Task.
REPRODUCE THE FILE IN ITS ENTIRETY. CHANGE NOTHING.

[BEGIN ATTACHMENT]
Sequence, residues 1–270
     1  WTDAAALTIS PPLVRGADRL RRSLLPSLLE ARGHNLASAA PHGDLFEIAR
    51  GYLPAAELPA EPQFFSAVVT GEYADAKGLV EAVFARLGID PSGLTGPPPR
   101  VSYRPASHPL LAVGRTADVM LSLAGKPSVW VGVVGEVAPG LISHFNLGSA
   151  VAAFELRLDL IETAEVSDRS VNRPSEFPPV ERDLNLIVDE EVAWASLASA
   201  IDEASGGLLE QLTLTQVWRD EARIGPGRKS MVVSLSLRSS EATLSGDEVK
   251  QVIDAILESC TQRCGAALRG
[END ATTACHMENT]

Sequence, residues 1–270
     1  WTDAAALTIS PPLVRGADRL RRSLLPSLLE ARGHNLASAA PHGDLFEIAR
    51  GYLPAAELPA EPQFFSAVVT GEYADAKGLV EAVFARLGID PSGLTGPPPR
   101  VSYRPASHPL LAVGRTADVM LSLAGKPSVW VGVVGEVAPG LISHFNLGSA
   151  VAAFELRLDL IETAEVSDRS VNRPSEFPPV ERDLNLIVDE EVAWASLASA
   201  IDEASGGLLE QLTLTQVWRD EARIGPGRKS MVVSLSLRSS EATLSGDEVK
   251  QVIDAILESC TQRCGAALRG